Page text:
Tuesday, December 3, 1996

WRITER: Kathy R. Pharr, (706) 542-5172

CONTACT: Kathy R. Pharr, (706) 542-5172


ATHENS, Ga. - 1. The University of Georgia School of Law dedicated its new $6 million addition and honored the statesman for whom it is named during two days of ceremonies September 20-21.

The four-story, 40,000-square-foot building provides a permanent home for the Dean Rusk Center for International and Comparative Law, the Institute of Continuing Judicial Education and the extensive personal library collection donated by retired faculty member Louis B. Sohn, one of the world's leading international law scholars. It also includes a state-of-the-art electronic courtroom, multi-purpose classroom, reception hall and faculty offices.

Dean Rusk served as U.S. Secretary of State during the administrations of John F. Kennedy and Lyndon B. Johnson, and was a law faculty member at the University of Georgia from 1970 until his death in 1994.

2. A portrait honoring former University of Georgia School of Law Dean C. Ronald Ellington, now J. Alton Hosch Professor of Law, was presented during the law school's homecoming celebration on October 19. Ellington served as dean for six years, from 1987 to 1993, maintaining the school's momentum by recruiting top-flight faculty and students during a difficult recession. It was during his deanship that plans for Dean Rusk Hall were approved and most of the fund raising for the facility took place.

The portrait, commissioned by the Law School Alumni Association (LSA) and painted by George Mandus, represents the sixth time a dean has been honored with an artist's rendering, and brings to 70 the total number of portraits in the law school's collection.

3. For the seventh consecutive year, the University of Georgia School of Law has advanced to the finals of the National Moot Court Competition in New York City in January. UGA secured the berth by reaching the finals of the Southeastern Regionals November 21-22 in Atlanta. UGA also claimed the Best Brief Award in the regional tournament.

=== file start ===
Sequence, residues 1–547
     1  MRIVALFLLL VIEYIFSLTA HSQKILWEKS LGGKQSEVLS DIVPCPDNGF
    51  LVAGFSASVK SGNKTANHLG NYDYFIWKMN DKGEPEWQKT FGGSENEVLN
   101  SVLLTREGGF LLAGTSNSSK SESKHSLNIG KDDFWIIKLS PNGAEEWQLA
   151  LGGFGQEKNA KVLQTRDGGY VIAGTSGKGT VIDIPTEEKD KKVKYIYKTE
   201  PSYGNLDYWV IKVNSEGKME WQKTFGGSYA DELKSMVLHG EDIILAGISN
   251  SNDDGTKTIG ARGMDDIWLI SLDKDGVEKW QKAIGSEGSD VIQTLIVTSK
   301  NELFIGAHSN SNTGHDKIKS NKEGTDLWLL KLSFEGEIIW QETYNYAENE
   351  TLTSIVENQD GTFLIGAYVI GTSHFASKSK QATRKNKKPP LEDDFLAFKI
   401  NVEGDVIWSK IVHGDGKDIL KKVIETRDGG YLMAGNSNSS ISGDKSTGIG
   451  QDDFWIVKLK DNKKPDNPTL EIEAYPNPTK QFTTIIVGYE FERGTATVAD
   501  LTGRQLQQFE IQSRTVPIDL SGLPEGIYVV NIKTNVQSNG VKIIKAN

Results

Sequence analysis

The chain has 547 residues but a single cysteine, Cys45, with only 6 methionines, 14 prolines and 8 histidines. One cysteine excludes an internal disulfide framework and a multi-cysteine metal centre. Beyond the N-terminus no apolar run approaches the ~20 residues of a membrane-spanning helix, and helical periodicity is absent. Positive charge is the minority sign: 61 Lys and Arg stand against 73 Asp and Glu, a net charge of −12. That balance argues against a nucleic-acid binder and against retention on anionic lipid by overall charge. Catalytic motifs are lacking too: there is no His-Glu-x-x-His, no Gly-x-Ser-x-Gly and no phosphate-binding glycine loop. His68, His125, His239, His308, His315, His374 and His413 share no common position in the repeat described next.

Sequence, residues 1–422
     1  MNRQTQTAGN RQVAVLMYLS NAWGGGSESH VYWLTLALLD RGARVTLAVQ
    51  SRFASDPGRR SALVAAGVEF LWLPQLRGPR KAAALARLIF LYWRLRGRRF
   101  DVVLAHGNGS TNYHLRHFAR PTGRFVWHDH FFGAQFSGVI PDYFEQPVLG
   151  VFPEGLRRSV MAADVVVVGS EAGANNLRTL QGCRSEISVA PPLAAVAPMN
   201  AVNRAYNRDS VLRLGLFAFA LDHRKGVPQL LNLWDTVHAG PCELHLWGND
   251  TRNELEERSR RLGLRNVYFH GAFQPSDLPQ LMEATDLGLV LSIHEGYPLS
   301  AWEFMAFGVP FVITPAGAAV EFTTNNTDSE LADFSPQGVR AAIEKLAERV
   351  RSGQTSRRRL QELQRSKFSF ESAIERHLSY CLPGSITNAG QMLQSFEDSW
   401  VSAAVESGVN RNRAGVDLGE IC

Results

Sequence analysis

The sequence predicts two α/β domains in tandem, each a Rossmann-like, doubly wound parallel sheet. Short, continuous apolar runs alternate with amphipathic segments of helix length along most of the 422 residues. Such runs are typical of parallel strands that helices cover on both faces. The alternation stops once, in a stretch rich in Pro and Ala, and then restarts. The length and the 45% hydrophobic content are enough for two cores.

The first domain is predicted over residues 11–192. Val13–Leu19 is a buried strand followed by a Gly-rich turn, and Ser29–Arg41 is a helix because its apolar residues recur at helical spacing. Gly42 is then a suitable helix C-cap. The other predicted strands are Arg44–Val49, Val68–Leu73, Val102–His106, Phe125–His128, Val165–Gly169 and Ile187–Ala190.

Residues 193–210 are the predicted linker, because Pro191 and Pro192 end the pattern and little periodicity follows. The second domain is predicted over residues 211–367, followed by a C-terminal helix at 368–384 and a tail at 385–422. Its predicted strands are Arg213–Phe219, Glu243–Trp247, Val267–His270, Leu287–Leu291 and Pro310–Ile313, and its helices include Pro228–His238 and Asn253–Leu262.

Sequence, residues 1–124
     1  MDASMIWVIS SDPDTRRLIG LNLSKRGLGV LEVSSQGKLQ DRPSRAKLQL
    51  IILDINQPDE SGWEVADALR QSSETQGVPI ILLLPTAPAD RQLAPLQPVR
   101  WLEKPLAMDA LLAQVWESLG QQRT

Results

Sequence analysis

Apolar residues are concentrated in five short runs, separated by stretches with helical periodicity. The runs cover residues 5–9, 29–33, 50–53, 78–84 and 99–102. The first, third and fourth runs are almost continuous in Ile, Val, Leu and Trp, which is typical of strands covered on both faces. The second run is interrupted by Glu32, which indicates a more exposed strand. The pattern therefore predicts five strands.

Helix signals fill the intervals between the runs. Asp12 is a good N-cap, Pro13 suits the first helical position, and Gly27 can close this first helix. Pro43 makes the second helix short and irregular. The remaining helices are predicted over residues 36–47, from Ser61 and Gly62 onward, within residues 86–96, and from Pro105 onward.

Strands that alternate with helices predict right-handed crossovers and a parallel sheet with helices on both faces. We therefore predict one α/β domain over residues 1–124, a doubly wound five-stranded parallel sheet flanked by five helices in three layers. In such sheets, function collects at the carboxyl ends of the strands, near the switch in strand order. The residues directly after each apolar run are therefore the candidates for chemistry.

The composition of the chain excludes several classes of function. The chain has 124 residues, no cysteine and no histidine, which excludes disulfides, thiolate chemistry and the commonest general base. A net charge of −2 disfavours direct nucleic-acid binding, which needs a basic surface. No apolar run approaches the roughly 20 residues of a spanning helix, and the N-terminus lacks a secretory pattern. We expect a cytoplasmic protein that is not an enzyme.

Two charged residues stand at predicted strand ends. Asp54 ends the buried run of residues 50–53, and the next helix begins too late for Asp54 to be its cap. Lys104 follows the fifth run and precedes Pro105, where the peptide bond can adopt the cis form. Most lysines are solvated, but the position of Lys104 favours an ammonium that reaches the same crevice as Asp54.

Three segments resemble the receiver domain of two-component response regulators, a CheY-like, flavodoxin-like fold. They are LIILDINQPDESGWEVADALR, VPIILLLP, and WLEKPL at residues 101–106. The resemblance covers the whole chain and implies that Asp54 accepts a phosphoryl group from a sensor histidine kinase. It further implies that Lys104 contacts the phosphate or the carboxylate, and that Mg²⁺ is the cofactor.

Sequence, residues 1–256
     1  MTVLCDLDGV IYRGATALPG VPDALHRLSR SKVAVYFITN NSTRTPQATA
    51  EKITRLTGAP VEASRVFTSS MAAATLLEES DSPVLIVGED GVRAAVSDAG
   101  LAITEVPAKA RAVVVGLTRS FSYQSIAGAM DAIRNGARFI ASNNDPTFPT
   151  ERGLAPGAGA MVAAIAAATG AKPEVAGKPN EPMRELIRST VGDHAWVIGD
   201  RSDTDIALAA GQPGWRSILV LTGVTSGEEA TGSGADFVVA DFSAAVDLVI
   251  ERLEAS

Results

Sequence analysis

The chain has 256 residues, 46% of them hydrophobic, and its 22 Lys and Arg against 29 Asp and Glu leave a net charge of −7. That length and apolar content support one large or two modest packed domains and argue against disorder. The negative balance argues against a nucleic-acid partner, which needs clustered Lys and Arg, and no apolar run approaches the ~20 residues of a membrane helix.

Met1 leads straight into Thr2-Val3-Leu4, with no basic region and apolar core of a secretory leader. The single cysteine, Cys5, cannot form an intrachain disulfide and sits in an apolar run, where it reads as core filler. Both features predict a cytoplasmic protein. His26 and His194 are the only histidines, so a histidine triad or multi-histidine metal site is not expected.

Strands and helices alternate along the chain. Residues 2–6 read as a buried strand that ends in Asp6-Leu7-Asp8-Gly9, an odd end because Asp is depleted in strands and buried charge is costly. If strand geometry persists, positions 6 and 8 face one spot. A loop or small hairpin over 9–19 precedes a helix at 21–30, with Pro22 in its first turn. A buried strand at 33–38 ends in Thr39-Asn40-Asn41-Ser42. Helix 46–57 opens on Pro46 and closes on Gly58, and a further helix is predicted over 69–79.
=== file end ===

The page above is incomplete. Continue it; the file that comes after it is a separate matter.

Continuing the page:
The University of Georgia School of Law has a well-established record of excellence in the National Moot Court Competition: teams in 1996 and 1994 were finalists in New York, and in 1992, UGA won the coveted national championship. The University of Georgia is also the only law school in the nation to have reached the quarterfinals of the national finals for six consecutive years.

4. The University of Georgia inaugurated a new international moot court exchange in September with King's Inns of Dublin, Ireland. The King's Inns exchange, to be held every other year, complements the law school's existing moot court exchange program with Gray's Inn of London, England.

5. Judge John T. Noonan, Jr. of the U.S. Circuit Court of Appeals for the Ninth Circuit, delivered the 85th Sibley Lecture at the University of Georgia School of Law in November entitled "Crusades: The American Experience of Religious Freedom."

The Sibley Lecture Series, established in 1964 by the Charles Loridans Foundation of Atlanta, honors the late John A. Sibley, a 1911 law school graduate who served for many years as chair of the board of the Trust Company of Georgia.

6. Martha S. West, professor of law at the University of California-Davis, presented the 15th annual Edith House Lecture at the University of Georgia School of Law in October entitled "What's In It For Me? Why Don't White Women Support Affirmative Action?".

The Edith House Lecture Series, hosted annually by the Women Law Students Association, is named for the co-valedictorian of the law class of 1925, the first class at the University to graduate women.